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A 19-year-old woman in Alpharetta, Ga., claims that her local Apple store refused to sell her anything after she was heard speaking Farsi with her uncle while she was trying to buy an iPhone and iPad.
"When we said 'Farsi, I'm from Iran,' he said, 'I just can't sell this to you. Our countries have bad relations,'" Sahar Sabet told WSB-TV.
According to the report, the Apple store employee cited the company's official policy, which prohibits the sale of their products to countries with which trade is prohibited by U.S. embargo.
Apple makes note of the policy on its website: HERE
PROHIBITED DESTINATIONS The U.S. holds complete embargoes against Cuba, Iran, North Korea, Sudan, and Syria The exportation, reexportation, sale or supply, directly or indirectly, from the United States, or by a U.S. person wherever located, of any Apple goods, software, technology (including technical data), or services to any of these countries is strictly prohibited without prior authorization by the U.S. Government. This prohibition also applies to any Apple owned subsidiary or any subsidiary employee worldwide.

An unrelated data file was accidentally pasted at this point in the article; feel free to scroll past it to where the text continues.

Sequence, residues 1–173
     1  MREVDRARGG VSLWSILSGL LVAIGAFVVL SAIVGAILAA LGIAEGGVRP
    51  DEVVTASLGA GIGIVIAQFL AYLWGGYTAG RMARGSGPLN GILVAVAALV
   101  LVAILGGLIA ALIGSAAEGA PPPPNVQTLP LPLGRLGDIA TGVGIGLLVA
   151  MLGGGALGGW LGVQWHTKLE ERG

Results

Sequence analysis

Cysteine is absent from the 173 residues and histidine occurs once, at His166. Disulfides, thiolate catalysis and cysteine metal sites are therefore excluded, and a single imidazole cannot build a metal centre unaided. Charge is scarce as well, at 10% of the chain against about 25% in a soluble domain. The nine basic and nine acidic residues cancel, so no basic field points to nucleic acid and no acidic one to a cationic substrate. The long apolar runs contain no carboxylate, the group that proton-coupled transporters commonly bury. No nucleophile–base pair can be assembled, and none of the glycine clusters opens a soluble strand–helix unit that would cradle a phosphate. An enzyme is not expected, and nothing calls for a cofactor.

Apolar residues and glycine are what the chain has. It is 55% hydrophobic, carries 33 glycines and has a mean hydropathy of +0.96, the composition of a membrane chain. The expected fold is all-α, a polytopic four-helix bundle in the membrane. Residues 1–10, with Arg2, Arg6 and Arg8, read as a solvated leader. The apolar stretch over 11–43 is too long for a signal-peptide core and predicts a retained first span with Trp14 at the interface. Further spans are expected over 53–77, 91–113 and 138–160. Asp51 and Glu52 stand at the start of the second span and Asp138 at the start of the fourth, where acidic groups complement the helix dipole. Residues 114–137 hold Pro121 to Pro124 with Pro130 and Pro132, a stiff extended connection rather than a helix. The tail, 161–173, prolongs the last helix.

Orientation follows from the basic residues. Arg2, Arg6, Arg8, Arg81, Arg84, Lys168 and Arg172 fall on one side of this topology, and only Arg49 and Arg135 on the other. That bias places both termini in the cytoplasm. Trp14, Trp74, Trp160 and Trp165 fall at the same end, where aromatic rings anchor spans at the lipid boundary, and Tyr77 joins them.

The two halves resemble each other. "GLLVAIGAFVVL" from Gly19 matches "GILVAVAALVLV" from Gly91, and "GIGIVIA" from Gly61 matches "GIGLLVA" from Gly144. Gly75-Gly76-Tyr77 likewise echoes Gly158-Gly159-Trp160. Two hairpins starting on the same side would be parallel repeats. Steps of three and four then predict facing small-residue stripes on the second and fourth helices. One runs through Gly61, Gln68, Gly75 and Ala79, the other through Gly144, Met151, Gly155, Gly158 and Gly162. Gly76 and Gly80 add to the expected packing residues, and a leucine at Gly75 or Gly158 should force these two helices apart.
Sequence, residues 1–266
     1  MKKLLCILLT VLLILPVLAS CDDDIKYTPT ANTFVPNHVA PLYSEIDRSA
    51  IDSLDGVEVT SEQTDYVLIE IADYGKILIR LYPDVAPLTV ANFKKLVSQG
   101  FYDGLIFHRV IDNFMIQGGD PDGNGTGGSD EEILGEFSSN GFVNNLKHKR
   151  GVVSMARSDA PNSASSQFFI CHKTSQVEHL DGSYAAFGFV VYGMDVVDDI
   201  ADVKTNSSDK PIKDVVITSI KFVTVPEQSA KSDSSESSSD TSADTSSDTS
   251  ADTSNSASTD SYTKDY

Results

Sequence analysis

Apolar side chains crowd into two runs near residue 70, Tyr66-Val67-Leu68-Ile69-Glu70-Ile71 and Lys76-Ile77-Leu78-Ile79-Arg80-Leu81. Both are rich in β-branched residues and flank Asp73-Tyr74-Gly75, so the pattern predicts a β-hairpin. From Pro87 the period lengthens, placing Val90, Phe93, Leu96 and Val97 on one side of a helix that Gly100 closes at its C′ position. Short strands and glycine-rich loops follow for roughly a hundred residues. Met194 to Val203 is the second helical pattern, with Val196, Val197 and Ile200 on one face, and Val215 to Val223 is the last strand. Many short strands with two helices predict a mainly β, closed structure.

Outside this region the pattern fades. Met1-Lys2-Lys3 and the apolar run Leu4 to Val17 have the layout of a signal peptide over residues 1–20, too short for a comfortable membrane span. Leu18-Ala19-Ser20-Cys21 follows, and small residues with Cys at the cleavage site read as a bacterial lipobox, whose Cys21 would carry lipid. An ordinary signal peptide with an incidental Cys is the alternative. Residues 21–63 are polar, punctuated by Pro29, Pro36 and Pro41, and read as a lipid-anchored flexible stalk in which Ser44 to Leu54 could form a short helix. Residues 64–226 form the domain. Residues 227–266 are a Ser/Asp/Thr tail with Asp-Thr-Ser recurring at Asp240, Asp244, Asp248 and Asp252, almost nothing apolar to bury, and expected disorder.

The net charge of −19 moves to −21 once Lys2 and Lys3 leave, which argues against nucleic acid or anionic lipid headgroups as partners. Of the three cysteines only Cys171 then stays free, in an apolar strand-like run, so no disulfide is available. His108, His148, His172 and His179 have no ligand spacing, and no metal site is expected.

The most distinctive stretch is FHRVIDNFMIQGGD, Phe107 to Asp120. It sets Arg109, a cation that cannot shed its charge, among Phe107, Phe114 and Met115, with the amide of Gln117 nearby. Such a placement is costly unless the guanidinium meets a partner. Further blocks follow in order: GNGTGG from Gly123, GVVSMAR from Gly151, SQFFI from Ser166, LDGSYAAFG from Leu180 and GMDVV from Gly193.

[The] 19-year-old woman is a U.S. citizen living in the country, who just happens to also speak the language spoken in a country that is the subject of a trade embargo. This would be like the Apple store refusing to sell to anyone who speaks Spanish because they might have defected from Cuba. And are Apple employees asking every Korean customer whether they were born in North or South Korea?
Originally posted by kwakakev
It does very much appear that the US does have bad relations with its citizens.
An Apple store employee refused to sell an iPad to an Iranian American customer, citing company policy that aims to comply with U.S. sanctions on trade with Iran, WSBTV in Atlanta reported this week. The customer left empty-handed, in tears, and complained of discrimination to the reporter.